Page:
AK: What are the athletes’ expectations of supporting the regime and how difficult is it to continue the competition after the support of Lukashenko’s opponents?
Aliaksandra Herasimenia: In such an environment as it is now in Belarus, generally, it is very difficult to continue the competition. In the news stream, people are depressed, exhausted, and stressed out. It is doubly difficult for the athletes. The challenges that they have to overcome in training are exacerbated by the inflow of negative news. The Olympic team has seven athletes who signed a letter for fair elections and against violence. The pressure they have had to face in recent months has been immense. Threats of dismissal, loss of scholarships, and creation of problems in the organisation of training, camps, and participation in competitions, what they had to overcome, they withstood, won licenses, and will go to the Games in Tokyo. I am sure that Belarusians will be especially rooting for these guys!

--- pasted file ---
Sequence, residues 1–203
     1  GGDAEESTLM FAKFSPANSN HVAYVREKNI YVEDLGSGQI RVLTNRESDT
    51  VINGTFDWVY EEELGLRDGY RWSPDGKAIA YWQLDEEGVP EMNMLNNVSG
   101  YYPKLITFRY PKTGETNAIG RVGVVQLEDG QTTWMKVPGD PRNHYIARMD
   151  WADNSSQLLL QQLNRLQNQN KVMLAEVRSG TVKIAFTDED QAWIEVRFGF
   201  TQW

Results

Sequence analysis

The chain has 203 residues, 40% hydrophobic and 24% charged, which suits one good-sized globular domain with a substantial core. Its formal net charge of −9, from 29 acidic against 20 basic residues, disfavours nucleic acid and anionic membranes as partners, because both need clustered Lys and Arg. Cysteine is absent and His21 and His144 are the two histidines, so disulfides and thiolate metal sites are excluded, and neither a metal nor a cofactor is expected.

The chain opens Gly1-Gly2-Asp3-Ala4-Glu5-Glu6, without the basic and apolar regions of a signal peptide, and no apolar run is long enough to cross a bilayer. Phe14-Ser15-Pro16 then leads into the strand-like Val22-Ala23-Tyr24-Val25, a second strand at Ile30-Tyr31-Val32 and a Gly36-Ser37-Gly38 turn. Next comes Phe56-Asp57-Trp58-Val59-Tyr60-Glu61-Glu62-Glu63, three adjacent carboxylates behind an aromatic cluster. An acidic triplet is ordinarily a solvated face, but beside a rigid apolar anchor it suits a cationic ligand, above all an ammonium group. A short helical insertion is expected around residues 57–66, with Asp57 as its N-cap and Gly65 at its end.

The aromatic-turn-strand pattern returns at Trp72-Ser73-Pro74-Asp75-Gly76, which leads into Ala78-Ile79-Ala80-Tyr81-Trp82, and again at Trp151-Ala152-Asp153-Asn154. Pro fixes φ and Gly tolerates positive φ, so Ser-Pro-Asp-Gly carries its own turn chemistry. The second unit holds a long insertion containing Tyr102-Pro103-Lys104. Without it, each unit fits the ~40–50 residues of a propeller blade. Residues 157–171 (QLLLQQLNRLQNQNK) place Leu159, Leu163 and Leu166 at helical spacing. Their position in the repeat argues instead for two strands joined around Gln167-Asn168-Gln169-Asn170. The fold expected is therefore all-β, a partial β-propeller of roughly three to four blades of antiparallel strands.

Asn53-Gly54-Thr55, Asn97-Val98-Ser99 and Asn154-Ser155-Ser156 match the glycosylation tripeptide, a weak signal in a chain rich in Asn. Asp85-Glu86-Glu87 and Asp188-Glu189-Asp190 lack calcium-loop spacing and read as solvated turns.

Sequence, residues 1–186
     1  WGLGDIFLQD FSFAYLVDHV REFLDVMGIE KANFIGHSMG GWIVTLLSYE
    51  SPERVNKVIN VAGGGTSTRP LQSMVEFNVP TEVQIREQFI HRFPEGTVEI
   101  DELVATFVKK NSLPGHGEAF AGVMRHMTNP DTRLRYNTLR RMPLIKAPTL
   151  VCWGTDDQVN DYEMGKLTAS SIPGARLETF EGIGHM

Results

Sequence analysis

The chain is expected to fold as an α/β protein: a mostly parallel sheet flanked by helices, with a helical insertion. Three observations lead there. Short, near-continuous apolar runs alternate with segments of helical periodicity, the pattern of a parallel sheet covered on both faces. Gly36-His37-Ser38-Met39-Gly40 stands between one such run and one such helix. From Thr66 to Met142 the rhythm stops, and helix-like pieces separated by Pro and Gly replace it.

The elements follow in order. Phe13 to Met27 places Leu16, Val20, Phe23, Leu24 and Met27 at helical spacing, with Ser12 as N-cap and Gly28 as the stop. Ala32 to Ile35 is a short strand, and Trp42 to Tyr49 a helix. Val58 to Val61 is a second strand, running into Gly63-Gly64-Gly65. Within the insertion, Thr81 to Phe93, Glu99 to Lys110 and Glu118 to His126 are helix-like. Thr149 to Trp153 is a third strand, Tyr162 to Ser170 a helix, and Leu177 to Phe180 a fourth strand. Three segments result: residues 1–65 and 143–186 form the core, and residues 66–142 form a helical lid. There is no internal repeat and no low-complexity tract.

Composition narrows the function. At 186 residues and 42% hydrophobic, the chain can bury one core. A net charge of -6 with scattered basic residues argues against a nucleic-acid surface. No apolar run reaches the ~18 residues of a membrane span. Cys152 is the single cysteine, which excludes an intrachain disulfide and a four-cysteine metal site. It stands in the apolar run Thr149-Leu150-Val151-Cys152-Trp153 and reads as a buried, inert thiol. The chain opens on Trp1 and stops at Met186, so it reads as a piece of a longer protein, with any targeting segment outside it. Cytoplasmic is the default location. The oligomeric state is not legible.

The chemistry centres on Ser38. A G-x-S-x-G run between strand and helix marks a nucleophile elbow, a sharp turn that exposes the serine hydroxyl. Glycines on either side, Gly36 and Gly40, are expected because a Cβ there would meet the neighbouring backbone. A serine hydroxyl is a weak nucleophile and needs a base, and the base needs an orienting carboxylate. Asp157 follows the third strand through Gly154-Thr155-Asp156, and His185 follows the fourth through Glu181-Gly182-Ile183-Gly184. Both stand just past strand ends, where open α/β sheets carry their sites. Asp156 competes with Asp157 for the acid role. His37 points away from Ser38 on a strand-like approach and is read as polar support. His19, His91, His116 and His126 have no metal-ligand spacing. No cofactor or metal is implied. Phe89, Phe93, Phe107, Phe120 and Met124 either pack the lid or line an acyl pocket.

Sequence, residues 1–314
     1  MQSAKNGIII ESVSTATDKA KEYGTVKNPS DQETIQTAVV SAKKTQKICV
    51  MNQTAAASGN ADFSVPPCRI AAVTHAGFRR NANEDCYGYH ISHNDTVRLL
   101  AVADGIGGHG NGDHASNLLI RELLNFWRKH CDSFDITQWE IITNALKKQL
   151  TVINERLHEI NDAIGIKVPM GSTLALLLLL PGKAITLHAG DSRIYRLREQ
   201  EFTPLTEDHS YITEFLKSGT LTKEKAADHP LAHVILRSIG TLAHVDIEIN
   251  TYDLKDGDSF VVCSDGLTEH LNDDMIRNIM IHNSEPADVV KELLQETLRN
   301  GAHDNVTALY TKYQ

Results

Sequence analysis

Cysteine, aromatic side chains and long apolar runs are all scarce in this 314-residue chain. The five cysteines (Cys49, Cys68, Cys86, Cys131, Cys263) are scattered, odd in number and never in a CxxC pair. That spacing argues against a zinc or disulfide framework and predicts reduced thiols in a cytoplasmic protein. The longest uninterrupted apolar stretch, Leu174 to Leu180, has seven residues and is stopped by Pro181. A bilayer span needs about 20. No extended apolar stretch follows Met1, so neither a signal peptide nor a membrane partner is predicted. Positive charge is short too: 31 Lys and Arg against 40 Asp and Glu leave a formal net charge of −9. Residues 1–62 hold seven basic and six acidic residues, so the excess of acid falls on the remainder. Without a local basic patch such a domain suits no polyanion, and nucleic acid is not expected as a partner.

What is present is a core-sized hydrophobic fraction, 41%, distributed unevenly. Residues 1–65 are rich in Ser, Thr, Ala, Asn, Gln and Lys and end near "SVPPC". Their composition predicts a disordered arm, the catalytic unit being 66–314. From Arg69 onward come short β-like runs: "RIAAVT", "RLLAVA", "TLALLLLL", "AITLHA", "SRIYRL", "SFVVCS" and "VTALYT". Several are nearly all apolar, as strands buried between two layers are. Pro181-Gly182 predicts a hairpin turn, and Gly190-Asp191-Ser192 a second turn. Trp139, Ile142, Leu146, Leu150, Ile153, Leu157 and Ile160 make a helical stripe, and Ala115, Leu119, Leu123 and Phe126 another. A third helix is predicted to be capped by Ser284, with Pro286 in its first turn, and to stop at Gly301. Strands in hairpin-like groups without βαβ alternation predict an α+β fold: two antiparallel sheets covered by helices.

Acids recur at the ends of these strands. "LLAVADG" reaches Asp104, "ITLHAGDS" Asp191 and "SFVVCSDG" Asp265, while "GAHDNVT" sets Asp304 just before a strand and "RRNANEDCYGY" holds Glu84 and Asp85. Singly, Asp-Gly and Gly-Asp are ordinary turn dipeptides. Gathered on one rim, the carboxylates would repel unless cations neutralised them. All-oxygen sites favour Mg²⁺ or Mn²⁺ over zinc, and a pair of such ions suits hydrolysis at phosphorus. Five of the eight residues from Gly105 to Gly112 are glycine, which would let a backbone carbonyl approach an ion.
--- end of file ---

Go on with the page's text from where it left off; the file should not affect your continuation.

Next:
Katsiaryna Snytsina: I think most of them are expecting that they will not be touched, they will be allowed to calmly practice their favourite sport as if nothing is happening in the country.
Anatoly Kotov: It is an artificial position of being blinkered and not being involved in current events that occur in the country. You believe that if you are quiet and keep silent, you will not be affected by repression. However, violence in one form or another has come to each Belarusian family. Silence does not guarantee security. Who does not believe, they can refer to the Devyatovskys or Domrachevs how it has affected their family members.